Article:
Photo Credit: Caitlin Howard

Two of KSC’s vocal ensembles, Chamber Singers and Vocal Consort, performed a joint concert on April 24 in the Alumni Recital Hall. 

Directed by music professor Morgan Bothwell, Vocal Consort performed a program of 16th century pieces. Bothwell did not respond to The Equinox’s request for comment.

Opening Vocal Consort’s portion of the concert were two compositions by English Renaissance composer Thomas Tallis.

The second featured senior Hattie Skvorak as the ensemble’s student director. Skvorak conducted the ensemble for Tallis’ “If ye love me,” which contains text from the Gospel of John.

Because of the simplicity of the piece’s composition, Skvorak said it allowed the ensemble to focus on other aspects of their performance techniques. “I think there’s something to be said for the simplicity there and what can be done with the musicality,” Skvorak said. “There’s a section of the music, for example, that repeats, so we were finding ways that we could contrast those two repeats, so that the audience had something different to listen to each time.”

Skvorak described her experience as student director as “an overwhelmingly positive experience.” 

“I’m always so excited to learn from faculty in the department and get their interpretations of conducting styles and musicality, and all sorts of things like that,” Skvorak said.

The April 24 performance marked Skvorak’s last with Vocal Consort. Skvorak has been a member of the ensemble since her first semester at Keene State.

“Overall, I’m incredibly proud of all the work that we put into this concert,” Skvorak said.

Vocal Consort closed out its portion of the program with four movements from “Madrigali Spirituali” by 16th century Italian Renaissance composer Giovanni Pierluigi da Palestrina.

Chamber Singers, KSC’s treble choir, performed a program of pieces ranging from the 1800s to the 1900s.

The program included two movements from “Songs from Silence” by modern composer Elaine Hagenberg. The piece was written by Hagenberg during the pandemic.

“She wrote these pieces when we were on lockdown,” Chamber Singers Director Dr. Sandra Howard said. “… it was her way to try to use her expertise during the pandemic as a give back.”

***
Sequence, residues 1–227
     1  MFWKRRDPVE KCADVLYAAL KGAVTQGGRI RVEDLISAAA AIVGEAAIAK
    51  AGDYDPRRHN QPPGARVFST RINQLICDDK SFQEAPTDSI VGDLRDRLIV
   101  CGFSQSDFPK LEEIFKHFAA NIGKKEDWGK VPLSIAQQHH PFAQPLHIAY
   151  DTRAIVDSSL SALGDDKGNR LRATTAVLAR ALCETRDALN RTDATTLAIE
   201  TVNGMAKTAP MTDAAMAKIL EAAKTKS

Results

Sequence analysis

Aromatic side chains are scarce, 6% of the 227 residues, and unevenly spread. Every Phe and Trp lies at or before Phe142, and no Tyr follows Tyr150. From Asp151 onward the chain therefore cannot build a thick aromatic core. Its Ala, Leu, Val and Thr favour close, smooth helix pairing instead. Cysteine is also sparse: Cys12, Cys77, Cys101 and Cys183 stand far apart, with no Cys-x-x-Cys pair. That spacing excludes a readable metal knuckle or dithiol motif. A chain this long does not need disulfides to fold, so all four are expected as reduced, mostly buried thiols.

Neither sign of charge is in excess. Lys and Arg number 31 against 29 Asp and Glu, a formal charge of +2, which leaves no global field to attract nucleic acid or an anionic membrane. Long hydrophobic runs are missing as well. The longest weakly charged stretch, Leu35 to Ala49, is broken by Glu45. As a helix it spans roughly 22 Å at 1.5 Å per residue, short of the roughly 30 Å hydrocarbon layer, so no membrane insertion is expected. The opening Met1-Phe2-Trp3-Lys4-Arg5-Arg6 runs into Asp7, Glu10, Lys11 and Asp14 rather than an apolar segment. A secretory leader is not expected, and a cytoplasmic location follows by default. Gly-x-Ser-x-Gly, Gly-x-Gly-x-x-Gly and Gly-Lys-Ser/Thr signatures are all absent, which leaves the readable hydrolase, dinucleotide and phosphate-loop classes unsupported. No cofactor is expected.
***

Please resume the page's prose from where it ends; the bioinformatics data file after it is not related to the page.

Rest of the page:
Chamber Singers performed the movements “Song of My Heart” and “Stir the Embers.” Howard said the first movement evokes emotions experienced worldwide during the pandemic, including sadness and remorse. The second and final movement performed by the ensemble then transitions into “coming out of that sadness and finding hope,” Howard said.

Ending the Chamber Singers’ portion of the program was “Today, This Spring” by contemporary American composer Libby Larsen. The piece featured pianist Vladimir Odinokikh and used a compositional technique called mix meter, meaning the piece contains more than one time signature.

Howard said the program, across both ensembles, reflected a vast listening and learning experience for both the student and the audience.

“I like that we’re trying to balance the program with what you might consider to be the standard composers, but also composers that are representing the diversity, equity and inclusion initiatives too, to try to make sure we’re providing the listener and also the students who are singing with a wide range of access to composers too,” Howard said.

KSC’s music ensembles often join together for a joint performance. Howard said bringing Chamber Singers and Vocal Consort together for a performance allowed each ensemble a rare chance to experience each other’s work.

“Because our ensembles rehearse in isolation, we don’t get to hear each other very much, so I’m glad that we’re bridging the concert that way,” Howard said.

Keene State’s music department will be finishing its 2021-22 season in the coming weeks. KSC’s Concert Choir will be performing its spring concert on April 30 in the Alumni Recital Hall.

For more information about more recitals, concerts and performances, visit the Redfern Arts Center website.


Caitlin Howard can be contacted at

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